Exercise: Strange surfaces

Write a fragment, prose or verse, on an unconventional surface. In other words, what Emily Dickinson does in The Gorgeous Nothings, you do too, on some other inscribable surface.

For instance, you might take a paper bag and cut a shape from it. Triangle, rhombus, hourglass, angel wing? Make sure it has interesting surface features. Seams and ledges and creases.

Then to write on it a text that heeds the shapes available. Do you ride right over seams between paper zones? Or arrange your thought to accommodate ledges, flaps, secret corners? Does the form of the surface maybe inflect the words you set down there?

The distinction between prose and verse starts to decay here.

FOR ADVANCED USERS (that’s anyone). Pay attention also to your writing implement. Dickinson’s envelope poems leave traces of her process — for instance, some variants were surely pencilled in later, after the whole was composed, if the quality of pencil line (darker, slimmer) is any guide at all.

The word for it’s materiality — that the matter matters.

Etymologically, matter is mother.

Hebrew: Adam = “red earth.”

Haida: human = “ordinary surface bird.”

We’re earth children you and I. Squawk and g’night.

Exercise: Punctuation poem

Next week we turn to the gorgeous Gorgeous Nothings, a collaboration across oceans and generations by Emily Dickinson, Jen Bervin, and Marta Werner. My students’ first exercise will be:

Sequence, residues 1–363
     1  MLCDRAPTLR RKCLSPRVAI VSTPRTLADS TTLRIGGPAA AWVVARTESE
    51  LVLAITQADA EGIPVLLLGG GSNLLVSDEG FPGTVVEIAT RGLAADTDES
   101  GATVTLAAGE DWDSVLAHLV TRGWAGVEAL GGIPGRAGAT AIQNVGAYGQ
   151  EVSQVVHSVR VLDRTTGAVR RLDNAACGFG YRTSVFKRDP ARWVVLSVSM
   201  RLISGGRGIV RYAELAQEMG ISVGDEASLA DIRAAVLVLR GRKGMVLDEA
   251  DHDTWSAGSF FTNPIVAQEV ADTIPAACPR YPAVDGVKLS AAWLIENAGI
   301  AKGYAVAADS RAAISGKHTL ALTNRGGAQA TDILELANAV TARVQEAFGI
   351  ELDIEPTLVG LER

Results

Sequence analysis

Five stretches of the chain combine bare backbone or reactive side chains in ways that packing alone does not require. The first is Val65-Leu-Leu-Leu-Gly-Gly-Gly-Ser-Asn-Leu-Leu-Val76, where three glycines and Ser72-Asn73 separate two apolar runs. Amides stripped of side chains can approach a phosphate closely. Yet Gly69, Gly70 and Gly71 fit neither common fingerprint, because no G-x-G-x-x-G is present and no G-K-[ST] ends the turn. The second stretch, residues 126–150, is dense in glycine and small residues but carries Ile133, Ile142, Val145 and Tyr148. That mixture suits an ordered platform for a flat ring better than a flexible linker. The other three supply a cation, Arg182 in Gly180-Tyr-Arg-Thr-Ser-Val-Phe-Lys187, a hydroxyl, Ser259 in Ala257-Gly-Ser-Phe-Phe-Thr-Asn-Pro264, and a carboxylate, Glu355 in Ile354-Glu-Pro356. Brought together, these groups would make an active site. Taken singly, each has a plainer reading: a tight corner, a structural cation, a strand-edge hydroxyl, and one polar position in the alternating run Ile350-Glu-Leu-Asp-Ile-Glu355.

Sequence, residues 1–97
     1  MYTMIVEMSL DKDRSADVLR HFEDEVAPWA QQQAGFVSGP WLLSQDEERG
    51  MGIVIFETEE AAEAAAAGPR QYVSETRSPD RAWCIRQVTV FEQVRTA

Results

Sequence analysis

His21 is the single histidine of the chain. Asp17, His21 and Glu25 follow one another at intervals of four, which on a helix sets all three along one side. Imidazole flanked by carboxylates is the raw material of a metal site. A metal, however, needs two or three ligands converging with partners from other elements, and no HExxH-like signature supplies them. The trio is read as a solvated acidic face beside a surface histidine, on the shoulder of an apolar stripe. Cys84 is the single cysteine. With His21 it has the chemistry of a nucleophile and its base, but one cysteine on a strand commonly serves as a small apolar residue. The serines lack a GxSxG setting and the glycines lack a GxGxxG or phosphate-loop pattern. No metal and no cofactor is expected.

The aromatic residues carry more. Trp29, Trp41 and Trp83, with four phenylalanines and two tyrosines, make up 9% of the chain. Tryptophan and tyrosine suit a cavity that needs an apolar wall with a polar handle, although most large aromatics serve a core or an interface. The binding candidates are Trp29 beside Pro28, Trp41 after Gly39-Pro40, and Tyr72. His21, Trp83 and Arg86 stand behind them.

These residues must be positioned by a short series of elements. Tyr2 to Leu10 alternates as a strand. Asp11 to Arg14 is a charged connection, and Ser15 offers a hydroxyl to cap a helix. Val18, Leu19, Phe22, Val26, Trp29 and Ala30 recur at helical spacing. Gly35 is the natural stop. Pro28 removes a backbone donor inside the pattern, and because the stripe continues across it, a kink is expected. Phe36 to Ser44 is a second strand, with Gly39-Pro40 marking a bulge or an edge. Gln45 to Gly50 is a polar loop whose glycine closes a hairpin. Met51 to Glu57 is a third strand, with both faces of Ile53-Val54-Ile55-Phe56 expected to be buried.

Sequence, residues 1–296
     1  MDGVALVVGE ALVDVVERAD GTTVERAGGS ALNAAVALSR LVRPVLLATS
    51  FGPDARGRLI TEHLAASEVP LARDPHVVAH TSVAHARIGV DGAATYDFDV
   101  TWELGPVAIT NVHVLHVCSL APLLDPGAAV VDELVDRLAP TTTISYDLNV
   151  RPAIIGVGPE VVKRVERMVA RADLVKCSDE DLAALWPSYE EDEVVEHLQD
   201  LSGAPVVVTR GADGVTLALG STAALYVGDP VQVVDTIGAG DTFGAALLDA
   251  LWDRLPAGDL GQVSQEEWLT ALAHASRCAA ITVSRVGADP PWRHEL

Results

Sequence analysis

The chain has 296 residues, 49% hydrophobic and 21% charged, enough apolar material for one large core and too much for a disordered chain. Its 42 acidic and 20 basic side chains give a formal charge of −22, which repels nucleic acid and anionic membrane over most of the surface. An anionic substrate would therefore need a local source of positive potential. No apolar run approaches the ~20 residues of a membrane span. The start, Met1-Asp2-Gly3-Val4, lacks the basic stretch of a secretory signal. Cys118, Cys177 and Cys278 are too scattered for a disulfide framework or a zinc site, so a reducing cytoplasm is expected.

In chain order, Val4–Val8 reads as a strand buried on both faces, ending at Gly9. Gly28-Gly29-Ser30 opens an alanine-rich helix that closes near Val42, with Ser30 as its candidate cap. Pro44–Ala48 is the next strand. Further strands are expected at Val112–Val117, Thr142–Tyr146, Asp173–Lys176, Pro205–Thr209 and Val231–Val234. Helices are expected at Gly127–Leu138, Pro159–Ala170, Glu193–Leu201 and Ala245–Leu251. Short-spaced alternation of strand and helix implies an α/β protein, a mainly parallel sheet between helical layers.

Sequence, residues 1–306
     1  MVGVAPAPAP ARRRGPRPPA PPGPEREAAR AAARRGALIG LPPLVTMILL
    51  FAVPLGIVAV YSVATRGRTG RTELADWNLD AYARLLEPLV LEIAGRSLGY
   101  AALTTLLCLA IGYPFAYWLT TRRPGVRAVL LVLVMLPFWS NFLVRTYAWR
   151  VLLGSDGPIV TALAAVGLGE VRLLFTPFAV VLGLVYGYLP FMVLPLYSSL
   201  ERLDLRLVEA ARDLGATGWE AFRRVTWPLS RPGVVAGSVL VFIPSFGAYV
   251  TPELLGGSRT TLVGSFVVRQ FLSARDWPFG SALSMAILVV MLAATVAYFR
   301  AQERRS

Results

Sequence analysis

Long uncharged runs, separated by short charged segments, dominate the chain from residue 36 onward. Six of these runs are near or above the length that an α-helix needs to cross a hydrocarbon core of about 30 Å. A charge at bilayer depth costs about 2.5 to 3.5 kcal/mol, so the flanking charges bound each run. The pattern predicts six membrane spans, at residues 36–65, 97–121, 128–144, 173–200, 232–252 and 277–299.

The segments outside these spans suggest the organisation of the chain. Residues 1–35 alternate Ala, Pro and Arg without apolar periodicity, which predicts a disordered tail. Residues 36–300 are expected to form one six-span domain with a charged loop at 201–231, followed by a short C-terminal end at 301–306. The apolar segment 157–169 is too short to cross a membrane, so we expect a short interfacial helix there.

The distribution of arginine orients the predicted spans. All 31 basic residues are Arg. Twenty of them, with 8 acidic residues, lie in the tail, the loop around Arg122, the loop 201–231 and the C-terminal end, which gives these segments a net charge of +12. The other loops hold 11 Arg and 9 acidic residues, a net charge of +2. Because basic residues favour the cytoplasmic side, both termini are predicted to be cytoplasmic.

Compose a poem made entirely of punctuation. Then write a short paragraph describing what the poem “means.” Treat the paragraph as a creative extension of the piece — as playful creative nonfiction, not straight-faced literary analysis. Be ready to present both the poem and your explanation to the class.

The examples they’ll have “read” are retrieved from Rasula & McCaffery’s Imagining Language — up next.

On erasure practice (II)

Yestereven, erasure marked typographically, as with Carson and Schwerner, giving a feel of fidelity, though that’s often mock. Also, erasure as palimpsest, as in Bervin’s Nets, the source poem receding into the page but not altogether invisible.

The maybe most austere mode is just to leave the page untouched in its white or creamy presentness. That’s Ronald Johnson’s approach in Radi Os, his seminal erasure of Milton’s Paradise Lost


If austere is one end of a spectrum, and illuminative the other, somewhere in the middle’s any practice that retains the erasure marks, making what art of them they propose. Can find a precursor to that in this page from Johnson’s draft copy of Paradise Lost